Question :

I accidentally messed up the Office documents (Word/PowerPoint/Excel) I was working on, and I didn’t save it before, so I wanted to get the auto-saved version from the AutoRecovery-folder as I’ve done in the old days of Office 2008 and 2004.

But now I am using Office 365, and I can’t find the AutoRecovery folder anywhere… where is it ?

 

Answer :

You might have guessed : nowadays, the AutoRecovery-folder is located in an entirely different location on your Mac.

If you are running Office 2011 for Mac (whether as part of Office 365 or not) the correct path to the AutoRecovery-folder is this :

~/Users/username/Library/Application Support/Microsoft/Office/Office 2011 AutoRecovery

And if you are running Office 2016 for Mac (whether or not as part of Office 365) the correct path to the Word 15‘s AutoRecovery-folder(s) is :

~/Users/username/Library/Containers/com.microsoft.Word/Data/Library/Preferences/AutoRecovery/

for PowerPoint 15 the correct path is :

~/Users/username/Library/Containers/com.microsoft.PowerPoint/Data/Library/Preferences/AutoRecovery/

and for Excel 15 the correct path is :

~/Users/username/Library/Containers/com.microsoft.Excel/Data/Library/Preferences/AutoRecovery/

BEWARE : it’s not straight-forward to get to this folder in recent/current versions of OSX and macOS, as the user’s Library-folder is a hidden folder. So if you want to access it, the easiest way to do so is :

– in the Finder, click on “Go” in the top menu bar

– when the pulldown menu appears, press the ALT-key on your keyboard (a.k.a. OPTION-key) and an extra option named “Library” will appear in the pulldown menu

– while holding the ALT-key, click on “Library” and your personal (hidden) Library-folder will open in the Finder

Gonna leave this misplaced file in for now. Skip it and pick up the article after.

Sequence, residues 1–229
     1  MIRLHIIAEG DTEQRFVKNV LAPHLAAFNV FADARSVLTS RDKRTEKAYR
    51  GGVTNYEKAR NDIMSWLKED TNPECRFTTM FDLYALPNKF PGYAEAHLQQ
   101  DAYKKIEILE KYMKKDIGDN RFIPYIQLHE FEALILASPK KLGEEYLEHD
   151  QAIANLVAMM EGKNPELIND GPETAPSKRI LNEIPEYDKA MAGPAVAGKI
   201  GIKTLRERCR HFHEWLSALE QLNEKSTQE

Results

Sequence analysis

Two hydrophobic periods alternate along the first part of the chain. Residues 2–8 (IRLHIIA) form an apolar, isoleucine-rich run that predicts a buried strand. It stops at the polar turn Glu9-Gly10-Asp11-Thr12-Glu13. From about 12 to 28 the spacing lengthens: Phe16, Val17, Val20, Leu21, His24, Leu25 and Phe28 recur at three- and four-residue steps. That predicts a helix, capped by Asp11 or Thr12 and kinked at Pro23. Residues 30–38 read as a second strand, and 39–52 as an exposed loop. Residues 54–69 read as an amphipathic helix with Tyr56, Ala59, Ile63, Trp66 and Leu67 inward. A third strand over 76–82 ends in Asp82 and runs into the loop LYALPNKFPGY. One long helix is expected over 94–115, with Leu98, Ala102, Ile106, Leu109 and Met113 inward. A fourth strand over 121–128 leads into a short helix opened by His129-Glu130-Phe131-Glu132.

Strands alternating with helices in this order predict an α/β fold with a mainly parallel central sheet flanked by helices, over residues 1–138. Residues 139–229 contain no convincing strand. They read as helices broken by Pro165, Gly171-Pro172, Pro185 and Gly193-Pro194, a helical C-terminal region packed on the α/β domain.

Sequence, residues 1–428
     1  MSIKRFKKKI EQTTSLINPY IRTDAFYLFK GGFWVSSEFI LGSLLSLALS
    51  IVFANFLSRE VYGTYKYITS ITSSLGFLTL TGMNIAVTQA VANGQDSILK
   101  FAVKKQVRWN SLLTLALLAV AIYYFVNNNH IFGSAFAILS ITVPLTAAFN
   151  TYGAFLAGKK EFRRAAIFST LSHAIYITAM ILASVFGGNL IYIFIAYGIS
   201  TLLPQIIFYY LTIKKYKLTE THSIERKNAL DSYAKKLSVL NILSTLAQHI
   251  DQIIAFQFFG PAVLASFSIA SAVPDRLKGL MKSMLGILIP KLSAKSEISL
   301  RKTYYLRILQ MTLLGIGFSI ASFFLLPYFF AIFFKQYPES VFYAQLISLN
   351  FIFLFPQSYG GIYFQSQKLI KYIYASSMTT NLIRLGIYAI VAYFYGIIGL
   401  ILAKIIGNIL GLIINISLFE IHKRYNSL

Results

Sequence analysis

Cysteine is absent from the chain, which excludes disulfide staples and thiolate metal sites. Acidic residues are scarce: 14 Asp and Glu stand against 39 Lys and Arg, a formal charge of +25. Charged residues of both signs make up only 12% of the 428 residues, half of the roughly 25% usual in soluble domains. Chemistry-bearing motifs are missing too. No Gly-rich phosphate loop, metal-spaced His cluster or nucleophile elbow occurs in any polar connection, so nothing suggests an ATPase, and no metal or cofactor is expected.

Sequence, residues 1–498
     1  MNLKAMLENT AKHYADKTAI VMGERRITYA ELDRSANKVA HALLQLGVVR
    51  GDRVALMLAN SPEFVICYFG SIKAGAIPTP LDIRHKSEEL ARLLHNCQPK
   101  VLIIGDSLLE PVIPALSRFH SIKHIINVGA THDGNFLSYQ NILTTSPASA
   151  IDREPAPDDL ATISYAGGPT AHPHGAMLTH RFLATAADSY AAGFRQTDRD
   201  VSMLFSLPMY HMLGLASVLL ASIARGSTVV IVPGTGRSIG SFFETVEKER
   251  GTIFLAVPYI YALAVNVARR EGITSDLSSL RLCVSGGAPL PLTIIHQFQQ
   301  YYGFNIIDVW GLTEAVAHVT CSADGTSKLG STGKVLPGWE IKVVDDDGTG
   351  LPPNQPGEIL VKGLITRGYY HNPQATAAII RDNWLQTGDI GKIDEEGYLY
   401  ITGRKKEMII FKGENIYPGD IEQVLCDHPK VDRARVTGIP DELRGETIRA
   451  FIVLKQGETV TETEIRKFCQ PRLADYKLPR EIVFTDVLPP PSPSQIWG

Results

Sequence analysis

– there you can navigate further using the paths listed above to find the AutoRecovery-folder you’re looking for

That’s it.

Enjoy !

😉

NOTE # 1 :

It is advisory to also switch on the “file overwrite protection” (or “double backup”) option as it stores the previous version of the file you are working on. In Word, you turn this feature on from Word –> Preferences –> Save and then mark the “Always create a backup copy” check box. This way, whenever you click “Save”, a backup version is made of the previous/stored version before it overwrites the stored version of the file… so with it turned on, you at least have one prior version of your file.

NOTE #2 :

If you do not see the autosave file you were expecting to find in the AutoRecovery-folder, you might need a ‘show hidden files’-app to find it. Especially Excel-autosave-files tend to be hidden.

There are various ‘show hidden files’-apps :

The FREE one in the Mac App Store is Show Hidden Files: best finder but you could also use another FREE app like Hidden Files Toggle (by ZandorSmith.nl) or Funter (by Nektony.com) or HideSwitch (by CreativeCag.com)

Just beware! that you can mess up OSX or macOS entirely is you accidentally delete or alter files that are hidden in regular use !

[ a big Thank You to thekurrgan for discovering this and posting this find here ]